“The basis of discernment,” she summarized, “is to ask, ‘Is this in agreement with what God’s word says?’ Knowledge of the character of God, together with the inspiration of the Holy Spirit, is also what enables us to understand what we should do in specific situations. So, the emphasis is on knowing the word of God. –But not just knowing it like the Pharisees did. They knew the word but didn’t know God. We need to know Him, personally. Like Job said to God, ‘It’s one thing to have knowledge of You, but now I’ve experienced You for myself.’ It’s only to the extent that we really know God that we’ll be able to communicate our relationships with Him to others.”

This communication includes not only evangelism—helping non-believers to know God for the first time, but also discipleship—helping believers to know God even better. One of the ways my host did this is to mentor students both in person and over video chat. In fact, she already had a chat scheduled with one of these students for the next morning. So, after breakfast, I had the chance to interview that student over video myself.

 

What the Christian student shared:

 

“What do most people believe here?” I asked her.

“There are two kinds of people,” she replied, “the atheists, obviously, and those who are Catholic because their family is Catholic. But they don’t go to church or anything. Here, most people think Christianity is buried. They see being a Christian as having to respect a lot of rules. For them, to be a young Christian is not really cool; they see us like we’re not able to have fun.”

“So, what are some of the challenges of being a Christian student in that sort of environment?”

“People’s perceptions of Christians. They think, ‘you’re not like us; you’re too perfect for us.’ So, we have to break the first image they have about Christians. Another thing that’s difficult for us is feeling like we have to do things we don’t agree with—things that, as Christians, we are not okay with—to be accepted. There is a battle inside. When we don’t have friends who are Christian, it’s really difficult. We can feel alone, and it’s more easy for us to not fight against the things that are not good for us.” (See also Three Lessons from Christian Students in a Restricted Access Nation, “Genovia.”)

“On the positive side,” I switched the conversation’s tone, “what encourages you about being a Christian student here?”

“I talk to people to bring them to our student ministry,” she answered, “and I see that they want to know more about God. In a bigger group, they show that they’re against God. But when we’re just face to face, I see that they want me to speak about God—to explain why I’m a Christian, or why I’m happy. They also allow me to pray for them. They are not Christian, but they are curious about the Christian things. I see that they are all searching for spiritual things; for example, many do meditation. I also find it encouraging to talk to Christians living away from home, since it’s difficult for them to keep praying, to be alone, and to go to church. It’s positive to be a community together with them and to encourage them.”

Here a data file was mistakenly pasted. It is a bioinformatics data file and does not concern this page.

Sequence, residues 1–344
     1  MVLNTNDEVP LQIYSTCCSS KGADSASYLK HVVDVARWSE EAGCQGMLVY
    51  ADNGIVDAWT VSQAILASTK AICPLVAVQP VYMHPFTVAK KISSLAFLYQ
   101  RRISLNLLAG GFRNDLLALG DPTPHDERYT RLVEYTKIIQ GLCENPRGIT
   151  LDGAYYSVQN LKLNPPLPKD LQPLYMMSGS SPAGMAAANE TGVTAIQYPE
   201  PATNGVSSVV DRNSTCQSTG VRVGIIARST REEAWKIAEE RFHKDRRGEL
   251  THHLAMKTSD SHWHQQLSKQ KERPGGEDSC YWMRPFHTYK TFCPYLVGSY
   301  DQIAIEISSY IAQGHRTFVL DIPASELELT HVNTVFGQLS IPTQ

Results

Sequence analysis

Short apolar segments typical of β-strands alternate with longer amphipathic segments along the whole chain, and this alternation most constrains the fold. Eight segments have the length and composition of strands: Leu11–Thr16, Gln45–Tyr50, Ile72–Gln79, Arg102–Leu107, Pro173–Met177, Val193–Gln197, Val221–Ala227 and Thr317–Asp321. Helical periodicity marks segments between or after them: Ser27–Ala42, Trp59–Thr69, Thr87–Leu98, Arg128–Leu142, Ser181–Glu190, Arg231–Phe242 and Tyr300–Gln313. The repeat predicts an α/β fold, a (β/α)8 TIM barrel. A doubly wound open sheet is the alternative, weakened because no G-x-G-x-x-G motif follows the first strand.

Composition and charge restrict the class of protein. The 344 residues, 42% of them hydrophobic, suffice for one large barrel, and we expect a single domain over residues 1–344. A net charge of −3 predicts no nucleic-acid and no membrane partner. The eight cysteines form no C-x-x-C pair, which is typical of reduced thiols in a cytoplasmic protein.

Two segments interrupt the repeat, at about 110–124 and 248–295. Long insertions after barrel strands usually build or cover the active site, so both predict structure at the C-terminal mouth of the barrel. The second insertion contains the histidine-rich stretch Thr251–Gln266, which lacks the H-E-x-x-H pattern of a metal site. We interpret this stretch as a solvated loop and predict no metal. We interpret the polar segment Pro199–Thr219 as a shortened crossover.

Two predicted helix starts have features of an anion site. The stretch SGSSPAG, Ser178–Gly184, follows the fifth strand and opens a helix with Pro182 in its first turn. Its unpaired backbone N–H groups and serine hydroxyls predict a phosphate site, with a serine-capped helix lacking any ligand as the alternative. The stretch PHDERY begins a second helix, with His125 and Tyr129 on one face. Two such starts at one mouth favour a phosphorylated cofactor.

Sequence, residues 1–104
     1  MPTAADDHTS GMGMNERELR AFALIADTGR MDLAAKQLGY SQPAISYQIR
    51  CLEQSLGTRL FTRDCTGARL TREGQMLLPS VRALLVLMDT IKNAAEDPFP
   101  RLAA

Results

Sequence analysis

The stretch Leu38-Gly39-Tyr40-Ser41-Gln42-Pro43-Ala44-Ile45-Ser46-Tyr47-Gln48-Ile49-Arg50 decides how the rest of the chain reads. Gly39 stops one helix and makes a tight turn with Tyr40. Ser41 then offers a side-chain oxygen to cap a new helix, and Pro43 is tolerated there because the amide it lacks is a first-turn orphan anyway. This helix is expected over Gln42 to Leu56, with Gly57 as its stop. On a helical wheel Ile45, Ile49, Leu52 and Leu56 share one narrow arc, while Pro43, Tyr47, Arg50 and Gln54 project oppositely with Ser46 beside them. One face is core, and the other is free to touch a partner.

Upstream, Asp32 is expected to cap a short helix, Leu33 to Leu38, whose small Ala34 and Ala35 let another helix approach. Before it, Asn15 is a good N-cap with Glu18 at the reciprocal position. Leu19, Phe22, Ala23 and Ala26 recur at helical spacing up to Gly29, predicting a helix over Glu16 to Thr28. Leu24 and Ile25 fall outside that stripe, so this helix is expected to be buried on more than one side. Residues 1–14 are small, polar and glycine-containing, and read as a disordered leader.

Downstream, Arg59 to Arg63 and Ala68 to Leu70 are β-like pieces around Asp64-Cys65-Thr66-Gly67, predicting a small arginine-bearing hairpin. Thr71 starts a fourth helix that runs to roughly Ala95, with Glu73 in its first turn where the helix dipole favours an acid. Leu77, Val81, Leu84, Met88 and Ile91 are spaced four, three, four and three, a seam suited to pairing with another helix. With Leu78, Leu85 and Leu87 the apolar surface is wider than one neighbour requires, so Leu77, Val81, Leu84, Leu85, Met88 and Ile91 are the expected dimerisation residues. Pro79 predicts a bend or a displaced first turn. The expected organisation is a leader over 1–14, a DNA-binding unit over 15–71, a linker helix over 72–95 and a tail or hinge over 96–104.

“So, what advice would you give to one of those other Christian students?”

“Don’t think that you are alone,” she stated. “You’ll have to search for someone, pray for God to show you someone, but there is another Christian in the university. You’re not alone.”

 

The moral of the story:

 

Ultimately, the campus ministry leader and student summarized three things that Christian students (and any Christians) need to know for following Christ in post-Christian environments–not just in Belgium, but around the world. First, Christians need to know God’s word, as the reference point for discernment and decision-making. Second, they need to know who God is, not just academically, like the Pharisees, but personally, like Job. Finally, they need to know that they’re not alone. 

This last point applies not only to Christians in secular classrooms and cultures across time, but it also applied to me that day in Belgium, a solo stranger with a massive green backpack and no plan. I didn’t even know where I’d sleep that night (much less the next five), or what country I’d head to the following morning. England? Luxembourg? France?

I’d have to find out soon. But like the Christian student reminded me, with God and His people surrounding me, I wouldn’t be finding out alone.